Monday, September 12, 2016

How is digital payment working for women in rural India?


The Government of India is pushing its Direct Benefit Transfer (DBT) reforms by creating digital payment of social welfare transfer or pension payment directly into the accounts of beneficiaries. As the DBT rollout proceeds, the bigger question is how these payment flows work for women.

Why women? 
Most cash transfer welfare schemes in India are designed for women. For example, pregnant and nursing mothers in rural India are paid from the second trimester until the child attains the age of six months. Girls from rural areas are provided with special financial incentives with an objective to encourage families to retain a girl child, educate her and prevent child marriage.  Moreover, as the government is converting fuel, food, and other price subsidies into digital cash payments, some states in India are making the payment directly to women’s bank accounts. The female head of the household, some experts believe, is most likely to optimize the subsidies—in particular food subsidies—according to the desired intent. One research study tracked how women and men spent subsidy funds deposited in bank accounts. The study found that women used the subsidy for food purchases whereas men diverted the subsidy funds to pay for non-food items. Experts therefore believe the subsidies will have the greatest development impact when the funds are transferred directly into women’s bank accounts.

But using a bank is still inconvenient for women.

Take this case as an example. Under a conditional maternity benefit scheme named Indira Gandhi Matritva Sahyog Yojana (IGMSY), cash is directly transferred to accounts of beneficiaries (pregnant and lactating mothers).  A study found the scheme failed due to cumbersome banking procedures and delayed funds flow.  Women lived in remote areas, almost 22-24 km away from banks.  Banks took almost six months to open accounts for women. Although zero balance accounts are allowed under the scheme, banks and post offices insisted on a minimum deposit.

Worse, women were required to submit identification documents. 

A recent World Bank Report indicates that women in several countries still face additional documentation hurdles when trying to get a national identity card.  Hence, their absence acts as a barrier to accessing entitlements via banks even though the requirement of identity documents is not a direct criterion of any cash transfer scheme per se.

Furthermore, social, regulatory and cultural barriers prevent women from accessing financial services.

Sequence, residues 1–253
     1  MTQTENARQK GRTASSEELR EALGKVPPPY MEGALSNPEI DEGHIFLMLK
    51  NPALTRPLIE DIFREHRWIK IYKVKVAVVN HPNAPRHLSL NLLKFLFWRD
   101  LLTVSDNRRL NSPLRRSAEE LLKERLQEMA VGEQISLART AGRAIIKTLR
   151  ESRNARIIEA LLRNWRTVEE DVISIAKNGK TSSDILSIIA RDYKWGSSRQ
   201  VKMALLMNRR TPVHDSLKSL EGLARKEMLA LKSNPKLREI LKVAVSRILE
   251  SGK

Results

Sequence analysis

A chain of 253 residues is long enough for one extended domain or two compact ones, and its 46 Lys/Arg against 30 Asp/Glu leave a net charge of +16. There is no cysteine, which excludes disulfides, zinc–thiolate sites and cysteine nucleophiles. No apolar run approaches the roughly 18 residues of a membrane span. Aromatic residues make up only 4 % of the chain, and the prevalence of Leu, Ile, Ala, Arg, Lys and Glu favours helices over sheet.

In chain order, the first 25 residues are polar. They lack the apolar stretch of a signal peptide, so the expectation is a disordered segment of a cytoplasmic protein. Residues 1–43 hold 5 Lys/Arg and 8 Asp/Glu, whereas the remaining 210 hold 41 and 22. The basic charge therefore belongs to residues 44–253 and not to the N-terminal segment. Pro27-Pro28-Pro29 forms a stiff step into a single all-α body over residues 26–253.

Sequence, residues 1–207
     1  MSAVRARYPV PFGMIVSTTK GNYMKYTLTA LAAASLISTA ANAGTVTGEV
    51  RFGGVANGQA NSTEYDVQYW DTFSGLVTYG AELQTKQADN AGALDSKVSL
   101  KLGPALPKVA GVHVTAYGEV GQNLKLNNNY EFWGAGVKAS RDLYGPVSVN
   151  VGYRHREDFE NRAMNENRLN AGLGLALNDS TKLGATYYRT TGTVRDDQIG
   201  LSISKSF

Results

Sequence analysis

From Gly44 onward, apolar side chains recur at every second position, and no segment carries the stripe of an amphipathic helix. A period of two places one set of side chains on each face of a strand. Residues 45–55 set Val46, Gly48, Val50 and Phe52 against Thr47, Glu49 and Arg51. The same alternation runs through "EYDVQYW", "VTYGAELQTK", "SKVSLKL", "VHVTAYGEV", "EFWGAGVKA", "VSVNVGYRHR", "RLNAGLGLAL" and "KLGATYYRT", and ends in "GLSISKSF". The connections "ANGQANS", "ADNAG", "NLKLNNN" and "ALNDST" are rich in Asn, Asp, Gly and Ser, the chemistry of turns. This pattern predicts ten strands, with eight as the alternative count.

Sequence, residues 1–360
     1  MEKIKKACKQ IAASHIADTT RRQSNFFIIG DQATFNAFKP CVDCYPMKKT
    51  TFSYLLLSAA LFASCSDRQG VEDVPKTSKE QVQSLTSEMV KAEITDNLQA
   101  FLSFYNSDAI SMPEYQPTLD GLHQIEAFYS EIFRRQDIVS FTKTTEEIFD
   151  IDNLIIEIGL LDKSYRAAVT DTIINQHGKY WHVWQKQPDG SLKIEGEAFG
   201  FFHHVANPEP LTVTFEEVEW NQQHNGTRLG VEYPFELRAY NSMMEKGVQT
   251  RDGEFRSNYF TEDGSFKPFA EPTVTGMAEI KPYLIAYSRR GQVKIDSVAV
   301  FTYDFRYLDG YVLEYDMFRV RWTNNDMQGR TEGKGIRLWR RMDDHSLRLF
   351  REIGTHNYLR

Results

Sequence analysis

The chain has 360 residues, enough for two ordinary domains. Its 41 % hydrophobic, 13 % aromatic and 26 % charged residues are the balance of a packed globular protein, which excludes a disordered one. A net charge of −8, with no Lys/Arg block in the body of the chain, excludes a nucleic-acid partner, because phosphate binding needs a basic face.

Several studies have indicated women find interaction with male staff intimidating and in many cultures custom dictates that women should not communicate directly with male officials. A recent GSMA study indicated that women prefer twice the number of face-to-face interactions than men before they feel comfortable enough to use financial services technologies independently.  However, with a higher proportion of male banking staff and agents, women clients experience greater hurdles to learning more about the financial products.  

Experts argue that enlisting female agents may be the most effective way to reach women. Female agents are not only effective but also lucrative as they lead to increased sales, access to new markets and a stronger brand image based on more thorough product communication.

However, in India recruiting female agents has been a daunting task. As of 2015, there are more than 600,000 agents in India. The proportion of female agents has only declined over the years (15% in 2012, 13% in 2013 and 9% in 2015).

Is the Self Help Group platform an answer?

One platform that can be leveraged to create female agents is India’s women-based Self Help Group (SHG) network. SHG is known as both a community meeting grounds and a liaison facilitating access to banks, financial literacy training, and the benefits of government programs. Typically, SHG members are already integrated into the community and a relationship of trust already exists with other members.

Recently, NABARD-GIZ conducted two pilot projects to test the potential of establishing SHG members as female bank agents, known as ‘Bank Sakhis’. This study found Sakhis attracted more first time customers, especially women. The proportion of active savings accounts and the average balance maintained in the savings accounts was three times higher for Sakhis compared to conventional banking agents. Sakhis were more motivated to provide liability products to low-income customers at low commission rates while male agents were more motivated to work with richer customers and sell more lucrative credit products. The pilot study therefore recognized that there is a need for initial funding support through subsidized loans or capital support to reduce the financial burden placed on female agents in the initial implementation phase in order to make women agents’ ventures successful.


Despite the availability of initiatives and schemes to provide financial services to women, low levels of literacy and financial awareness continue to remain impediments to financial inclusion goals. A growing literature suggests that women often lack the financial literacy required in tackling the complex financial decisions they face. Financial counseling can improve women’s capability in making better financial decisions. At the same time, some experts point out that some of the responsibility lies on the provider side and suggest that providers and distributors can also benefit from financial literacy training to ensure better outcomes in their interactions with clients.

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